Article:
Conflict sensitivity in practice: what is Saferworld’s ‘programme accompaniment’ approach? 

7 January 2022 Claire Devlin Conflict sensitivity in practice: what is Saferworld’s ‘programme accompaniment’ approach? 

Saferworld is using 'programme accompaniment' to support people working in challenging conflict situations. The approach is helping organisations achieve more meaningful results with people living through violent conflict.

Saferworld has been ‘accompanying’ national and international aid organisations working in complex conflict-affected countries like Syria, Lebanon, Uganda and South Sudan. We are using this approach to help organisations be conflict sensitive. This means understanding the dynamics of a conflict, becoming aware of how our own work interacts with those dynamics, and making choices that avoid harm.

Accompaniment is a type of support that is different to training, facilitation, or mentoring. It focuses on practical adaptations working with teams supporting a specific programme. This can and should be for any programme, not only those aimed at ending a conflict – it’s relevant for the provision of new infrastructure or basic services like health, education, or security; for economic development; or for change in social norms on equality, inclusion, or human rights. Accompaniment includes regular, open discussion and shared problem-solving between a conflict sensitivity coach and a specific team. The approach – which relies upon trust, partnerships and support over time – acknowledges the difficulties of working in and living through violent conflict.

How does it work and what have we learnt?

Saferworld matches organisations with coaches who understand a particular conflict situation and have experience in supporting organisational change. The nature of the relationship varies: there is no fixed design and the length can be from one year to (so far) up to three. Coaches problem-solve specific issues as needed over the phone or email, participate in internal team meetings or facilitate wider reflection sessions. Coaches also provide analysis, technical guidance and training on conflict issues. Here’s what we’ve learnt so far:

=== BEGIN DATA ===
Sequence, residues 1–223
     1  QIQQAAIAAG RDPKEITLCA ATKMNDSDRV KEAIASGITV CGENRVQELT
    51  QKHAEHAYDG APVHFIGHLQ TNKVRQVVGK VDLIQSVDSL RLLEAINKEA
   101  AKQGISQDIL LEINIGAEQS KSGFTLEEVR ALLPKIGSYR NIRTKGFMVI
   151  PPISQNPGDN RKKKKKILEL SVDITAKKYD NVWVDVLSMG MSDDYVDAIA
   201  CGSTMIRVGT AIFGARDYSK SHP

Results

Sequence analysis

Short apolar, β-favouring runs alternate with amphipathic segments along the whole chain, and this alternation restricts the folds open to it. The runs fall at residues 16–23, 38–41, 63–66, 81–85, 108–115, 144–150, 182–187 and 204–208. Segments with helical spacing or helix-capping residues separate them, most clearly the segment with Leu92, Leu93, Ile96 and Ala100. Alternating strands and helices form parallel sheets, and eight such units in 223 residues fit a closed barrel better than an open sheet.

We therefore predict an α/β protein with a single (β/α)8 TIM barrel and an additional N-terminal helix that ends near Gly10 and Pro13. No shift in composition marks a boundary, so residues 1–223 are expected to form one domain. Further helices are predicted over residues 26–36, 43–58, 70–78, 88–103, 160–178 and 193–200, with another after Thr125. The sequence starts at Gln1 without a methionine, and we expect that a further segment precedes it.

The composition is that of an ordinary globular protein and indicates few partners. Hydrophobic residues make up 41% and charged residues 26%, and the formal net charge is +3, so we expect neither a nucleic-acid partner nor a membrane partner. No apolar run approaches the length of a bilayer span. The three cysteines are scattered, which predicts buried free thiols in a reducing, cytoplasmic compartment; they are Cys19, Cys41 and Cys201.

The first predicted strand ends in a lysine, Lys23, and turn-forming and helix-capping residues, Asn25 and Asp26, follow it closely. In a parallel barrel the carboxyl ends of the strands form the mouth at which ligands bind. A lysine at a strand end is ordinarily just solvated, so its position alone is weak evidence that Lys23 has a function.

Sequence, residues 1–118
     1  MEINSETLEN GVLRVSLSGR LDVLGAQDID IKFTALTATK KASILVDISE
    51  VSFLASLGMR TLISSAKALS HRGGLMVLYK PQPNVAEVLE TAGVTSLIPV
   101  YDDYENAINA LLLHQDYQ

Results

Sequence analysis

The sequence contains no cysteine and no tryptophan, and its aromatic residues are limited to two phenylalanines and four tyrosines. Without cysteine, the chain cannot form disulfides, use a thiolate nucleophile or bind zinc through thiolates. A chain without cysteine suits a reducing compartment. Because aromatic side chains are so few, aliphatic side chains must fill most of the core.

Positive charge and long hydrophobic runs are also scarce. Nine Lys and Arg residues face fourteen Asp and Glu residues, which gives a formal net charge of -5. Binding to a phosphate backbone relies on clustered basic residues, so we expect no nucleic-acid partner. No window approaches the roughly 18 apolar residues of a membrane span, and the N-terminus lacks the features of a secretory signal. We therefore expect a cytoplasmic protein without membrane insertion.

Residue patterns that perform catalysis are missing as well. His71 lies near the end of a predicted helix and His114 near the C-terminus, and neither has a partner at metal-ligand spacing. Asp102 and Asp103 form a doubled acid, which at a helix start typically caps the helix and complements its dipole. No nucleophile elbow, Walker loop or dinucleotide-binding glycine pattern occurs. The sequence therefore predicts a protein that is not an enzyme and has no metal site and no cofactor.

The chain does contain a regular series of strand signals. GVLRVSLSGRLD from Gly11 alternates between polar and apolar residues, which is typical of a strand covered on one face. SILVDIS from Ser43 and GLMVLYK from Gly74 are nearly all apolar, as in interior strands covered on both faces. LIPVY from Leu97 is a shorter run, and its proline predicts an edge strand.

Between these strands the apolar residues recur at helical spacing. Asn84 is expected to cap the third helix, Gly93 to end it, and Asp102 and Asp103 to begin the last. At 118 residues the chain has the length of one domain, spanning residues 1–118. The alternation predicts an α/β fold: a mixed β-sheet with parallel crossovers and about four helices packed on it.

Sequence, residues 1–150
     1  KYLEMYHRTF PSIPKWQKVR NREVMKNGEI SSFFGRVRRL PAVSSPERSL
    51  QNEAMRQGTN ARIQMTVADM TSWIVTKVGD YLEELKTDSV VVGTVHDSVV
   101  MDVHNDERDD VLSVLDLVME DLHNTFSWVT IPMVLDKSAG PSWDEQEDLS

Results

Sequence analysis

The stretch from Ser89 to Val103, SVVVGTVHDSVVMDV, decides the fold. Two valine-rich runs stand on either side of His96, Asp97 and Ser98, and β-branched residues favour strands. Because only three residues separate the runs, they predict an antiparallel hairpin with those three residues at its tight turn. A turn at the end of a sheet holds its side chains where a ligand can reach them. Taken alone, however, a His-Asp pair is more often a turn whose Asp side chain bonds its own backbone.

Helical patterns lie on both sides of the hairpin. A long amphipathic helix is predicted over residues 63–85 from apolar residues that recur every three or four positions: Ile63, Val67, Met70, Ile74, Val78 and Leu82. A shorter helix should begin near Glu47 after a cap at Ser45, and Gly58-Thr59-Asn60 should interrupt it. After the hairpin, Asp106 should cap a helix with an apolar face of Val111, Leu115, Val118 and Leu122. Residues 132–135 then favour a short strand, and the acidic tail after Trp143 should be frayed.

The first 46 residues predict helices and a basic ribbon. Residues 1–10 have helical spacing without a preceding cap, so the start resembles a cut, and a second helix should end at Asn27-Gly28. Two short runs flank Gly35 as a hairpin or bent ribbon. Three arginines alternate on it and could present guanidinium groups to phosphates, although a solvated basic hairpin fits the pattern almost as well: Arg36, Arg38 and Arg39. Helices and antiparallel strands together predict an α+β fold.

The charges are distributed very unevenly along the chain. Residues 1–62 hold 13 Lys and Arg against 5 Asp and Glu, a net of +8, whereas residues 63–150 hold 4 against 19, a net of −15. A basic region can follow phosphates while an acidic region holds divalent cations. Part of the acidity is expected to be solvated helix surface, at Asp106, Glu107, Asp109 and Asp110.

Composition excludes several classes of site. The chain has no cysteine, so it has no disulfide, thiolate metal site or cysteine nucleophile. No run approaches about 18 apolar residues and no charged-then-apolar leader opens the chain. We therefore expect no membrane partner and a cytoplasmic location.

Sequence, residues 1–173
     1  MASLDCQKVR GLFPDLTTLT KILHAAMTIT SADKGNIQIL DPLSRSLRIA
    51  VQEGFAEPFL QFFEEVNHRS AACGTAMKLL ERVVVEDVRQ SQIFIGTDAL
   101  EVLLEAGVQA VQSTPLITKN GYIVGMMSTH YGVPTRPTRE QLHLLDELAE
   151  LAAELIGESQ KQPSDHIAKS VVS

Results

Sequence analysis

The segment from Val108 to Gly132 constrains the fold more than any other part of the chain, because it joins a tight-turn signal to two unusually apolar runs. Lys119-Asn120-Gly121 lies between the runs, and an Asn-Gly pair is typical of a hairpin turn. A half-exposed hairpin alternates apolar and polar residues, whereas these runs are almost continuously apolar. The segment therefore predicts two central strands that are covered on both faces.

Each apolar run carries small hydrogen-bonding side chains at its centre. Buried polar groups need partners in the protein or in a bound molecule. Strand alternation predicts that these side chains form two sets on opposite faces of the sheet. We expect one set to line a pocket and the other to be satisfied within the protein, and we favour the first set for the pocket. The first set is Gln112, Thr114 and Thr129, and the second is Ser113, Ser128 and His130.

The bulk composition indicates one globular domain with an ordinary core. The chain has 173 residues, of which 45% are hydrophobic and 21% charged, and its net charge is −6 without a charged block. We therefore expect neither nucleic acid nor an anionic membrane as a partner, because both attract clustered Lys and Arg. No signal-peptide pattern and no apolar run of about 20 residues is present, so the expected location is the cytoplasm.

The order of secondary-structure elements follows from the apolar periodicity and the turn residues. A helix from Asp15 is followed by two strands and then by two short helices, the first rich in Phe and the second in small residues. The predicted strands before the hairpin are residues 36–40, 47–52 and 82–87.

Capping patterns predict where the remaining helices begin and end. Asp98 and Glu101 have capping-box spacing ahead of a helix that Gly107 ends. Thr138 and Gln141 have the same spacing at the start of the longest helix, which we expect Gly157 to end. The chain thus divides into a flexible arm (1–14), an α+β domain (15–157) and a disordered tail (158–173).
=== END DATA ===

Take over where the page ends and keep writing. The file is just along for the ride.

1. Implementing teams drive conflict-sensitive change in organisations; support teams enable it: accompaniment must engage both

It is usually an adviser’s or an HQ/regional office’s responsibility to improve an organisation’s ability to work in conflict. They are the people who approach organisations like Saferworld for their expertise. This is as it should be – implementing teams may need or want support to engage with the conflict, but don’t have time to arrange that support themselves. But implementing teams are often notified late, have little to no input into the type of support they get, and haven’t chosen the coach. So, they are the least involved despite being the most important for actually driving conflict-sensitive change and the closest to people living through conflict (as well as living through it themselves.) Saferworld has learnt to communicate with implementing teams as early as possible and consciously work to strengthen relationships with HQ-based teams. This means bringing both parties into new programme design processes that combine the ‘big picture’ of political economy and conflict dynamics with the detailed local reality of affected communities. Where organisations do this well, we have seen them make a variety of adaptations, including creating new staff positions, tailoring outreach to specific conflict-affected communities, adapting training curricula and others.

2. Institutional assessments are a first step for strong accompaniment – the organisation may already ‘know more’ than any single team realises

When a coach starts working with an organisation, everyone involved may assume that capacity to work in a conflict-affected environment is low, and immediately start providing support. But to realise the potential of accompaniment, a formal assessment of the organisation is always worth the effort. This step, which we call ‘institutional assessment’, can help identify a full view of organisational capacity and gaps for working on conflict. For example, how much of a priority is conflict sensitivity and for which teams? What specific conflict issues from that context resonate with staff? What do implementing staff learn from their own experience of the conflict and from working with communities? The assessment can also identify organisational systems, policies and practices that conflict sensitivity support can ‘piggyback’ on – or that may be obstacles, like approval processes or performance criteria. Lastly, an institutional assessment creates a foundation for building relationships, identifying challenges, and holding dialogue so that people can raise sensitive issues that emerge during accompaniment.